3. Yes, why can’t top brass just speak the truth? They’ve reached the top, or near, they’ve few to fear. Yet it’s they who kowtow to base instincts of self preservation & image management & vindictiveness. Aren’t they any bigger than this? Must they show themselves as so much smaller than their feared whistleblowers? If they can’t lead from the top, they should be led away from it. UKSA only belatedly downgraded the crime figs, once highlighted by James, PASC et al. The Home Office still spin, in arrears, that they were always concerned about mis-recording yet the PASC Chair had to point out again recently that they instructed HMIC to take action only once their torpor faced detection. No leadership – anywhere. Beaten out of them years ago. But once light moves towards their lair, that startles them enough to cover their tracks, lash out and trash the messenger. A plague on ’em all. Anyone unable or unwilling to speak the truth or address injustice after climbing a greasy pole should be slid back down on a snake without further ado. A small but clear example is the institutional bullying meted out to James to abandon as hopeless his legal tussle via employment tribunal alone, without Fed representation/support against two fatly-paid & fatly-supported & fatly-cunning Met barristers & a solicitor. Even now, why should someone lose a 10 year career without compensation, regardless of legal process or niceties. It’s an injustice. It remains an injustice. Those paid nicely at the top should still be shouting from on high of this injustice (let alone of others). But they didn’t. They haven’t. They aren’t. They won’t. They’re unfit. They’re a disgrace. They’re an embarrassment. Everyone must surely see this. It may seem just a pea, this small injustice, but what an obstruction to any promulgation of police “ethics”. No princess is needed before sleep is lost over it. Many a PC must sleep fitfully & wake troubled or in fury seeing a colleague describing truthfully their experience then tossed aside. If meant as an example, it is an example of malice which ought to keep us all awake until remedied fairly.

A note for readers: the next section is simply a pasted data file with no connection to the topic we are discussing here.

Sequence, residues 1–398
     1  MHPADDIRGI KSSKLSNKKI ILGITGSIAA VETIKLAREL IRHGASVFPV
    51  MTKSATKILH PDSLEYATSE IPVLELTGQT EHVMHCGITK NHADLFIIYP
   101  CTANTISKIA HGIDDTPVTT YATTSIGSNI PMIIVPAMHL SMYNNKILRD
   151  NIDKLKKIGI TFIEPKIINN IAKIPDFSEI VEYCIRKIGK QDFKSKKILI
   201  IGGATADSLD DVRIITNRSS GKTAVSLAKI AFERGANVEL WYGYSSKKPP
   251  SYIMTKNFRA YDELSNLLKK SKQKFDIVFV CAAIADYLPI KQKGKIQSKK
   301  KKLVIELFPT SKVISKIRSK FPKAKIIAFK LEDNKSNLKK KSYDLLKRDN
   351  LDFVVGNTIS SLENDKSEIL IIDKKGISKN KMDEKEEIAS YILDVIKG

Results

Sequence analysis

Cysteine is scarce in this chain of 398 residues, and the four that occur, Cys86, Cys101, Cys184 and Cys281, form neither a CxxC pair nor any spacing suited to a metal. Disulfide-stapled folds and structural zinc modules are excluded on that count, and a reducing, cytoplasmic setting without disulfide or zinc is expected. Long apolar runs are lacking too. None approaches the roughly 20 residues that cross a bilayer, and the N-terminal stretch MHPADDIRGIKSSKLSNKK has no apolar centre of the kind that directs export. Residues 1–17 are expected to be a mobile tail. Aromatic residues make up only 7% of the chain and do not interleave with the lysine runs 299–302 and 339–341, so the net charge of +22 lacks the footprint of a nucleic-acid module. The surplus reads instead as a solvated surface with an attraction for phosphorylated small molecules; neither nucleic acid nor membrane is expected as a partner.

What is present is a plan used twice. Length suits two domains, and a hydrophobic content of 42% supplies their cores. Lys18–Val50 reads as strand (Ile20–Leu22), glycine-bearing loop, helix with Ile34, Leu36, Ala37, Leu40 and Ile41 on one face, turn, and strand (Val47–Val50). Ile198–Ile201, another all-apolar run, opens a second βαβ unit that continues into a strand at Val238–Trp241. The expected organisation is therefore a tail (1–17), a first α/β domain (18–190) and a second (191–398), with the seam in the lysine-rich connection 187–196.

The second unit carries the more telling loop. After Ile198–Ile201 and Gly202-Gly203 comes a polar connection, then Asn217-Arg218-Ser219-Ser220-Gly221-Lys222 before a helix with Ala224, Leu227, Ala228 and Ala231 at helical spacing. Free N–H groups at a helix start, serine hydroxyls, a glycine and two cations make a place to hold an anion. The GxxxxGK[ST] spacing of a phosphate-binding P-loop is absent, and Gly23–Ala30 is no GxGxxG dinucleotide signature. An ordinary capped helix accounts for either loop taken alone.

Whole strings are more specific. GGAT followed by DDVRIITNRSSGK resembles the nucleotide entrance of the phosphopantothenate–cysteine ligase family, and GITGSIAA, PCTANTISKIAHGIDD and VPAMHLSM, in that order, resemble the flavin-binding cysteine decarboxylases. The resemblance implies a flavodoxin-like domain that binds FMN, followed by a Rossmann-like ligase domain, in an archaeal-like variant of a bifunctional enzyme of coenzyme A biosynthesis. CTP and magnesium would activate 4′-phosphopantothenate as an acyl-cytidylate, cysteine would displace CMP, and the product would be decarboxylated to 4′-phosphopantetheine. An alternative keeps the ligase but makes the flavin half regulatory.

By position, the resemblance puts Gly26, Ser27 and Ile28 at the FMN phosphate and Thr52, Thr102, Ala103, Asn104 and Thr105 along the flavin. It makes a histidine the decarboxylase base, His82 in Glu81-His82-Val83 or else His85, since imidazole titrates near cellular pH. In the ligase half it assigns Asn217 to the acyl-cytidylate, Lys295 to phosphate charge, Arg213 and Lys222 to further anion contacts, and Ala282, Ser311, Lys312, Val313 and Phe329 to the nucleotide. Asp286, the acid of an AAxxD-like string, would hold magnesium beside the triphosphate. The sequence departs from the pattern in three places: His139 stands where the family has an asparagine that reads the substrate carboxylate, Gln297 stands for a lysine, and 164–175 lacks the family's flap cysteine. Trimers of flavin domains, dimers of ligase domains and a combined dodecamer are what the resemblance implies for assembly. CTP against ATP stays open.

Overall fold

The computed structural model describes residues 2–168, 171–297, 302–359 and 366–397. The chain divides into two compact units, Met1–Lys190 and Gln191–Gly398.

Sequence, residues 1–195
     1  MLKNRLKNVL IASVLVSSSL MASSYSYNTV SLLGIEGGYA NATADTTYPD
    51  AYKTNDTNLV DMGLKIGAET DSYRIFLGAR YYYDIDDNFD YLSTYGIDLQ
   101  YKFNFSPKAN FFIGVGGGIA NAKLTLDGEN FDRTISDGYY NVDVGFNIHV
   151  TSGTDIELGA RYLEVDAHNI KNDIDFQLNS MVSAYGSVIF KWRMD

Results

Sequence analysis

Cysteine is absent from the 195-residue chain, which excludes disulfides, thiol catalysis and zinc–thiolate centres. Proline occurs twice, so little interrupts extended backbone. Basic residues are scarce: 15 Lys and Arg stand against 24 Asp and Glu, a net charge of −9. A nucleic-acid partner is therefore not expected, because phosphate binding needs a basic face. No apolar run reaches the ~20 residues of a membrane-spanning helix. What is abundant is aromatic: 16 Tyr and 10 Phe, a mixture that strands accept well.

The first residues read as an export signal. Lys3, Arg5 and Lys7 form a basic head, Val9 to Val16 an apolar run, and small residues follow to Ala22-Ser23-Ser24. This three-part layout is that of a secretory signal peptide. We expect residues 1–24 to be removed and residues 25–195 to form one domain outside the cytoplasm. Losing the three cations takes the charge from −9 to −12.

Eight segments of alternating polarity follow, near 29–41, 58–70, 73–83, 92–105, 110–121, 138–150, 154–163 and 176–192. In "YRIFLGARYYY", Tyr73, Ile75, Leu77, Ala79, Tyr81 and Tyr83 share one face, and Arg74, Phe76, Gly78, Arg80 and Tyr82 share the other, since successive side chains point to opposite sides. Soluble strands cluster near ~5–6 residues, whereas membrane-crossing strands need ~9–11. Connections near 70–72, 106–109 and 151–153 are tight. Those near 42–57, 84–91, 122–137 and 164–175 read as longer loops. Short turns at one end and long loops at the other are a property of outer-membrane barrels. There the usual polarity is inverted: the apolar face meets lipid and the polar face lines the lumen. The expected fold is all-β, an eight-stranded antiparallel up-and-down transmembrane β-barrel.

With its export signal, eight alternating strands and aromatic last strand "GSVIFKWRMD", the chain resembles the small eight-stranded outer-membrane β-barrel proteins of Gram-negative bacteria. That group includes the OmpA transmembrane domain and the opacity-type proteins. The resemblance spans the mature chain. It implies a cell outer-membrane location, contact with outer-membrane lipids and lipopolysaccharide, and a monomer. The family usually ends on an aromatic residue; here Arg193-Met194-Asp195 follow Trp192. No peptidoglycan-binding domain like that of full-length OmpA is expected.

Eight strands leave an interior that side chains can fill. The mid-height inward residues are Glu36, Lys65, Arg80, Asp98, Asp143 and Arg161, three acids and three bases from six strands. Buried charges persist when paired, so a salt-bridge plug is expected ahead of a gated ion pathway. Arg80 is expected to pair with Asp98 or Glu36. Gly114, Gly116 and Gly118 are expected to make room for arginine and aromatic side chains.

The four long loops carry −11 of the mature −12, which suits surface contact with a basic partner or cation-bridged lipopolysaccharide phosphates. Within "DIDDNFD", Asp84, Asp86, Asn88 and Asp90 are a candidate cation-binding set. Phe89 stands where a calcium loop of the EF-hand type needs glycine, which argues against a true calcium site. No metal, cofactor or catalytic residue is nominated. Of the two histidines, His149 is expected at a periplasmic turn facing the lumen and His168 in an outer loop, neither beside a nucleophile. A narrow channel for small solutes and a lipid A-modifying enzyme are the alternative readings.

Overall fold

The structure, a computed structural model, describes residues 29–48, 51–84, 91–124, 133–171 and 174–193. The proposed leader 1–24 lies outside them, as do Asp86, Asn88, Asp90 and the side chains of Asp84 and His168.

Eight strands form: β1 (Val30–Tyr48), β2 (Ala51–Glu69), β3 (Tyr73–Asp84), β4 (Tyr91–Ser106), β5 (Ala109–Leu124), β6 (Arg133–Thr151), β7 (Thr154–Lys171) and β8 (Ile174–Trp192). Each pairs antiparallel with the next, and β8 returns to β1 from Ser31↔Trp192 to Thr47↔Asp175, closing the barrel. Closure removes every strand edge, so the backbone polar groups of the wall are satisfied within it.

1. I think you are right, but, as has been said on previous posts, and, thankfully, in Parliament by MP Bernard Jenkins, the most shameful aspect of the James Patrick case is the failure of support from his own Police Federation.

      It’s worth remembering that, at the same time as the Federation is providing officers with full legal support in the Andrew Mitchell case, they failed to provide Mr Patrick with any support whatsoever.

      His final decision to resign came following the meeting the Met’s legal team and realising he was on his own.

      Since then there has been no explanation from the Police Federation for this failure to support James Patrick; for them #therestissilence

      1. Hi,

        As far as I’m concerned it’s a chapter of my life that’s done and reality takes over (I.e. Trying to find a job, etc).

        What I will say is that no one is or has been trying to sue me and a comment made in passing by an MP the other week boiled down to nothing more than a crossed wire and a Chinese whisper.

        Anyway, life goes on and little things like this raise the occasional smile.



  4. A culture of fear and bullying starts at the top.

    In my own case as a police whistleblower those that tried to support me were themselves targeted including 2 police federation representatives.

    The Police Federation failed to support their own reps and true to form I have had to fund my own cases due to the reluctance of the federation to be seen to be funding cases that may affect the reputation of the police service but more likely to affect their own careers and position within the federation.

    The present structure and operation of the police federation is open to abuse and I for one would like to see some reform especially in the Counties where their close working relationships with PSD often mean that they acquiesce in corrupt practices rather than challenging those practices adopted by PSDs usually acting under ibstructions from Deputy Chief Constables.

    I have been assisting officers in the Met and various other forces for over 10 years and the response to whistleblowers has not changed despite police officers coming under the umbrella of the Public interest Disclosure Act since 2004.

    1. I have heard other examples of the Fed not fully supporting their members, or that is how it has been viewed by outsiders. Sadly the circumstances you describe are still current and they ne d to change as a matter of urgency.